These days, I hear a new Research History class from Washington Court House, Ohio is rolling up its sleeves and digging into history and archeology, this time at Good Hope Cemetery. What an apt name for their project - Good Hope. See, I know America is not - and never will be - a perfect place, but there is more justice and equality out there than ever before, and these kids are the future of that. Under Paul’s wing, they will learn so much…about process, about history, about memory. They are lucky to have him as their teacher and mentor, and I know Paul well enough to recognize that he feels lucky to have them as his students.

To Research History 2009: You are the future of historic preservation! Good luck and good hope!

- Libby O'Connell

Libby O'Connell is the chief historian and senior vice president for corporate outreach at A&E Television Networks. Stay tuned this semester as Paul and his students document their project at Good Hope Cemetery here on our blog and on their Flickr photostream.

The National Trust for Historic Preservation works to save America's historic places. Join us today to help protect the places that matter to you.

Guest Writer

Although we're always on the lookout for blog content, we encourage readers to submit story ideas or let us know if you've seen something that might be interesting and engaging for a national audience. Email us at editorial@savingplaces.org.

A Fractured Fairytale of Preservation Parables and Possibilities

Posted on: February 25th, 2009 by National Trust for Historic Preservation

 

Earlier this month, an email popped into the inbox of individuals subscribed onto Forum-L, the email list for members of National Trust Forum, the National Trust for Historic Preservation’s professional membership program. It’s the kind of topic that may seem like a simple question on the surface, but eight days and 28 messages later it proved to be a hot button discussion.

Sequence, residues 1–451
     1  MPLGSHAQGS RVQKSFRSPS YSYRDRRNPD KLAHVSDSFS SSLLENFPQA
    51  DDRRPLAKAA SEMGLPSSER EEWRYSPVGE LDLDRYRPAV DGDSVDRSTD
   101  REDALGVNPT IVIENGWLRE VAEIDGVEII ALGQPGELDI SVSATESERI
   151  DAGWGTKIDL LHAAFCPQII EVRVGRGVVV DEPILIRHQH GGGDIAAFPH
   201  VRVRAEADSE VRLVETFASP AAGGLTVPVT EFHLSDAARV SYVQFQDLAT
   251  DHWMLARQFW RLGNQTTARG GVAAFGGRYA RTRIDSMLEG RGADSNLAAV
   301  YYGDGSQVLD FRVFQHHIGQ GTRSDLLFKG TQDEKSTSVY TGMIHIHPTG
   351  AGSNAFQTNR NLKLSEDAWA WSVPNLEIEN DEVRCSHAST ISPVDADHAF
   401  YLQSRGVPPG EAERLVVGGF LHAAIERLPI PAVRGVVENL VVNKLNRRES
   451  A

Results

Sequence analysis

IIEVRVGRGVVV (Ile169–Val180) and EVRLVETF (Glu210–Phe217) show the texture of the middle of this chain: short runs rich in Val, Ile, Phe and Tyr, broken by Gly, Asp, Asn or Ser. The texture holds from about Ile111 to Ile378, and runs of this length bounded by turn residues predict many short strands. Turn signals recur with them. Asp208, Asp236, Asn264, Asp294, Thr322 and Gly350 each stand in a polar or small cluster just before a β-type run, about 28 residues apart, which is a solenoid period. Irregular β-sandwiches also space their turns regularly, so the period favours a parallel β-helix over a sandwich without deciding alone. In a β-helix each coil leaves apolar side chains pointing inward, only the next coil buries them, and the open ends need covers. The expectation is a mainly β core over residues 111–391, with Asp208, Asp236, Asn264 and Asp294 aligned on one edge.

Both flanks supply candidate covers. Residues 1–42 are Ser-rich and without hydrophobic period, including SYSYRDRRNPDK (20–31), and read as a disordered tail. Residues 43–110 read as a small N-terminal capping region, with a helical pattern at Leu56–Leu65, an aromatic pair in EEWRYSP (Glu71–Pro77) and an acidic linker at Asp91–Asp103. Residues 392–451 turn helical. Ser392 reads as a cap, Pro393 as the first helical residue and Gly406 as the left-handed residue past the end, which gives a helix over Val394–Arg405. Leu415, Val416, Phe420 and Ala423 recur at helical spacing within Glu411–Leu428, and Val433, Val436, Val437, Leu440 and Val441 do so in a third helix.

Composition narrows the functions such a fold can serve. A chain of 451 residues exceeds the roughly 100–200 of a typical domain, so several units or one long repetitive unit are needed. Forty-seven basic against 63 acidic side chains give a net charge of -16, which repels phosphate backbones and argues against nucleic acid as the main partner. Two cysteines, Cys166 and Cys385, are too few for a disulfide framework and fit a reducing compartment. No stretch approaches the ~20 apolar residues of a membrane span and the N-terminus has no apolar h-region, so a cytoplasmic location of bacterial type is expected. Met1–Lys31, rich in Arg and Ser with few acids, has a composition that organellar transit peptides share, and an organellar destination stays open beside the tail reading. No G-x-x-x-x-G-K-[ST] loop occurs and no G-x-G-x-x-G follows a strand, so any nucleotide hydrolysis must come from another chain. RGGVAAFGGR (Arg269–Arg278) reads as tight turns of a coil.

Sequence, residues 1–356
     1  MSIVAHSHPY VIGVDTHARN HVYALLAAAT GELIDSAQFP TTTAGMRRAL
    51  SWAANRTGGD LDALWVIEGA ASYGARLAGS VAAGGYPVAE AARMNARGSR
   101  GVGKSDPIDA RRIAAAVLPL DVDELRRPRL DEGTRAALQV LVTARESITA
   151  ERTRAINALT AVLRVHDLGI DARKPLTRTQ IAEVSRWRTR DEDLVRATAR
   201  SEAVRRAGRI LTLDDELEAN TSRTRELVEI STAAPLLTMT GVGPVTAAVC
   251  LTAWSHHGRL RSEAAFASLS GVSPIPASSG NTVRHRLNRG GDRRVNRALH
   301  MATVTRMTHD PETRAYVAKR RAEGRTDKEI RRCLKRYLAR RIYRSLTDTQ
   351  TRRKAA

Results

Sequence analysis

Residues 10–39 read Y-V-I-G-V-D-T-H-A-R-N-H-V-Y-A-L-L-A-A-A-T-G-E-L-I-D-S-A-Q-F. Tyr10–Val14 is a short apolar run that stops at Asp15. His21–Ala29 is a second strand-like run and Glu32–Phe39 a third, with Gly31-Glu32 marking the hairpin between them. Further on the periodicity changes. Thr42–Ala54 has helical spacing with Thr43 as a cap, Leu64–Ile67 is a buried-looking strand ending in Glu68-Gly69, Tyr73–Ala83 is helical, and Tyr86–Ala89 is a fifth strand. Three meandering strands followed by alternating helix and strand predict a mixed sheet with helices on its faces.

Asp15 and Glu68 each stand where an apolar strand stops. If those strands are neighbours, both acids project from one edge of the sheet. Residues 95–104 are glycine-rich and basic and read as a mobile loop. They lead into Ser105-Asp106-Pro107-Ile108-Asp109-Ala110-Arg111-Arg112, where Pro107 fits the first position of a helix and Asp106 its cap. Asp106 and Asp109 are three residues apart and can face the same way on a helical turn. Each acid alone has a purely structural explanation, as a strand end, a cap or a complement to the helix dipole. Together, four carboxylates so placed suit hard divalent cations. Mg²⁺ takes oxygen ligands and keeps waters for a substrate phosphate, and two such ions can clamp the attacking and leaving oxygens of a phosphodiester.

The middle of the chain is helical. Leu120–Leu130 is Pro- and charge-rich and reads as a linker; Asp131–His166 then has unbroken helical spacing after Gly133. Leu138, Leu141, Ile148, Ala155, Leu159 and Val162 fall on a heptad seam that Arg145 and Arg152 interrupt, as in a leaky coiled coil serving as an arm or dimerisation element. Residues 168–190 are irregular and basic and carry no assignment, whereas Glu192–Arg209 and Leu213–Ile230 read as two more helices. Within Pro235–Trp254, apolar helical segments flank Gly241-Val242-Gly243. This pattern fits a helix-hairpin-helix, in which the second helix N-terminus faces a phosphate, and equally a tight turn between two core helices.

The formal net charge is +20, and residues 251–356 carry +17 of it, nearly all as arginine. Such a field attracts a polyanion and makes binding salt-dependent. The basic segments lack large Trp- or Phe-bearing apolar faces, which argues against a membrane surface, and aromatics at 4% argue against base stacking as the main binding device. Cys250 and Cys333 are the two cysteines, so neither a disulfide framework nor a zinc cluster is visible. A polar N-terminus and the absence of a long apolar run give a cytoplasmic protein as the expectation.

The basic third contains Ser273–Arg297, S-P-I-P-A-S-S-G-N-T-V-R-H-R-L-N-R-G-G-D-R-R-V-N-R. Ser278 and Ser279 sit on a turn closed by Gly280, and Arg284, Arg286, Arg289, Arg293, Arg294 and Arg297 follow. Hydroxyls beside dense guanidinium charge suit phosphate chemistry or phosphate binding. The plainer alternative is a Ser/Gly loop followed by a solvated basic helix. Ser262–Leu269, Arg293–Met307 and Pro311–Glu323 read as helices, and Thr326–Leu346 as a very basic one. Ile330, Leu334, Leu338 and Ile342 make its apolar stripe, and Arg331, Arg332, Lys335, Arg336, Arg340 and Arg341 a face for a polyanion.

The question: Does an old addition gain significance if it is poorly designed?

The situation: A conversation between a neighborhood association and a local preservation commission regarding an 1890s structure with an addition dating back to the 1920s.

Our email list members presented many a solution—asking about context, significance, and what the intentions were for the home if it was not restored or rehabilitated. Some inquired if the structure and the addition contributed to a historic district, or if it was listed the National Register. Most, if not all emphasized the need to document the addition regardless of the decision.

A few days later, in response to the variety of responses, Forum member Dan Becker presented all of us on the list with “A Fractured Fairytale of Preservation Parables and Possibilities” — his take on the spirited discussion. It had "blog post" written all over it, so here it is:

Once Upon A Time, there was the 100 block of North Bloodworth Street in Oakwood. Echoes of an 1880s neighborhood of commodious frame domiciles were pressed into post-WWII rooming houses, later beset with societal ills where you would not want to be caught dead stroller-rolling your precious patrimony of precociosity, because you might find yourself dead.

The late 1960s design answer to such vexing virulence was of course a bisecting four-lane submerged Boston-style expressway squeezed between the flanking feeder streets with access ramps zooming up and down, bringing the downtown-saving automobile quickly and efficiently into a cavalcade of car parks flanking what remained of downtown after you demolished one-third of it to build the decks, ensuring that there was no there there when you got there.

... Read More →

The National Trust for Historic Preservation works to save America's historic places. Join us today to help protect the places that matter to you.

National Trust for Historic Preservation

National Trust for Historic Preservation

The National Trust for Historic Preservation, a privately funded non-profit organization, works to save America's historic places.